IDF Preparing for First Anniversary of Gaza Border Rioting

YERUSHALAYIM -
Palestinians rioting at the Gaza border. (Abed Rahim Khatib/Flash90)

IDF soldiers early Thursday captured five Gaza Arabs who infiltrated Israel during the night. The five were captured in an area of the Eshkol Regional Council, a few hundred meters from where they breached the Gaza border fence. The five were being questioned Thursday on their motives for entering Israel.

Meanwhile, the IDF is preparing for several major security events that are set to take place in the Gaza border area. On March 30th, Palestinian Authority and Gaza Arabs will commemorate Land Day, traditionally a day of increased rioting and marked by security events. This year, the date marks the first anniversary of the round of major rioting at the Gaza border fence that takes place every weekend, and often during the week as well. Channel 13 quoted Gaza sources as saying that Hamas and Islamic Jihad intended this year to carry out its “million-man march,” with the declared intent of massing large numbers of people to break through the Gaza border fence and on into Israel.

With that, Gaza terror groups have decided to temporarily scale back the rioting that has been taking place at the fence on weeknights. The decision was made in order to give Egyptian negotiators an opportunity to work out a longer-term deal for border quiet between Israel and Hamas. Channel 13 reported that Israel has informed the Egyptians that it is prepared to continue the “gestures” that have been implemented recently – including maintaining an increased flow of fuel into Gaza, allowing for more hours of electricity a day, as well as continuing to allow Qatar to transfer cash to Hamas for payments to terrorists and their families.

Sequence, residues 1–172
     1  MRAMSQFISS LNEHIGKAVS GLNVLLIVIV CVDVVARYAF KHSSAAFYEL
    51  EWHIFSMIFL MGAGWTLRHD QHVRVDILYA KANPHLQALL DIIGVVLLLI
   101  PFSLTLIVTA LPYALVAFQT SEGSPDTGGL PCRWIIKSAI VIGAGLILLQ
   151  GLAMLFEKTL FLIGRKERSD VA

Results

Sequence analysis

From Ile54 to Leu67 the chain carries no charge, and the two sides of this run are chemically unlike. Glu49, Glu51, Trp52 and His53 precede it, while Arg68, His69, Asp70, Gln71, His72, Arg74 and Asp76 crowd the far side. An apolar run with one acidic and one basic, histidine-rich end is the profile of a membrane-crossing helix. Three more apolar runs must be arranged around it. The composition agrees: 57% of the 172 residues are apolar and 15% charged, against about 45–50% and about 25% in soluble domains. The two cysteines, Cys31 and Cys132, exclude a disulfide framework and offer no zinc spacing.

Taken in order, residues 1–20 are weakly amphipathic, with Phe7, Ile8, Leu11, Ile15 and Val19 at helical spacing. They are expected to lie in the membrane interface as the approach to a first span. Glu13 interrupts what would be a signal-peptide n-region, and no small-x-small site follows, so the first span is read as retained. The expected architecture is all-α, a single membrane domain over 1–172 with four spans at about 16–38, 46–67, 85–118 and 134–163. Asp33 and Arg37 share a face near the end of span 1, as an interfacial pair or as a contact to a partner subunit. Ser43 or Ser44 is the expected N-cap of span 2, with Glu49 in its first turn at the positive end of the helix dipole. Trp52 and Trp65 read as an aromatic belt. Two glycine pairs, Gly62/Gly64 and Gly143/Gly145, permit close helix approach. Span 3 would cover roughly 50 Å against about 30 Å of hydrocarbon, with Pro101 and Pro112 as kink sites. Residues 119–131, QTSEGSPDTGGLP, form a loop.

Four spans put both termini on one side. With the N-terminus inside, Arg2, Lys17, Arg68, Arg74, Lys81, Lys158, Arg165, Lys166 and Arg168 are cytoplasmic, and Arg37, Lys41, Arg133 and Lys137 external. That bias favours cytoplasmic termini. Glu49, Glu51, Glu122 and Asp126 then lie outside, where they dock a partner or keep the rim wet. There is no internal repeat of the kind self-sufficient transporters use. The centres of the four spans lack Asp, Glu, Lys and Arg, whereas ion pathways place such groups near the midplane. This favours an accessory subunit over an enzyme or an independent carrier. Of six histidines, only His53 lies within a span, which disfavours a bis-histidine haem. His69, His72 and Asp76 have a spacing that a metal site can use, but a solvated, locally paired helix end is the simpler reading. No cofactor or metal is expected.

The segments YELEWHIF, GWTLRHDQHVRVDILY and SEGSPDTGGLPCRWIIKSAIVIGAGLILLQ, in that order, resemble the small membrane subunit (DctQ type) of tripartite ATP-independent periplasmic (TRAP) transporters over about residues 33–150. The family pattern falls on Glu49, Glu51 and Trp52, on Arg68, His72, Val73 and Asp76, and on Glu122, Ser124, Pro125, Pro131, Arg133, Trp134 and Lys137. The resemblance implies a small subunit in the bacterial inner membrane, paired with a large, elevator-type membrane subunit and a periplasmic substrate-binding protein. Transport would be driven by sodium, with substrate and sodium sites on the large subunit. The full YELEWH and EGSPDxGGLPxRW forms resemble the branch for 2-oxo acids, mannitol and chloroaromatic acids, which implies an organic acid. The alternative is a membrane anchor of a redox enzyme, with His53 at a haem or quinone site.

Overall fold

Earlier this week, Qatari official Muhammad al-Amadi distributed $5.5 million in cash directly to Gazans, after Hamas said it would not accept the cash that Qatar had pledged to give the terror group, due to Israeli attempts to prevent the distribution of that money to terrorists and their families. Instead, Al-Amadi gave pre-screened families $100 each in financial assistance. The list of eligible families was put together by Hamas and Qatari officials. “The payments here are purely humanitarian in nature,” al-Amadi said in an interview in Arab media. “Some have tried to describe it as payoffs to prevent rioting, and others said that it was some sort of election campaign tactic. Both are incorrect.”

Last month, Israel expressed opposition to the cash transfers by Qatar to Hamas, because the money was being used to pay terrorists, but eventually backpedaled – but at that point Hamas refused to accept the transfers. “We do not intend to turn Gaza into a staging area for the Israeli election,” Hamas said in a statement. “We discussed several issues with al-Amadi, and he understood why we did not want to accept the payments based on the conditions Israel set. We will continue our protests until we receive all our rights,” the terror group said.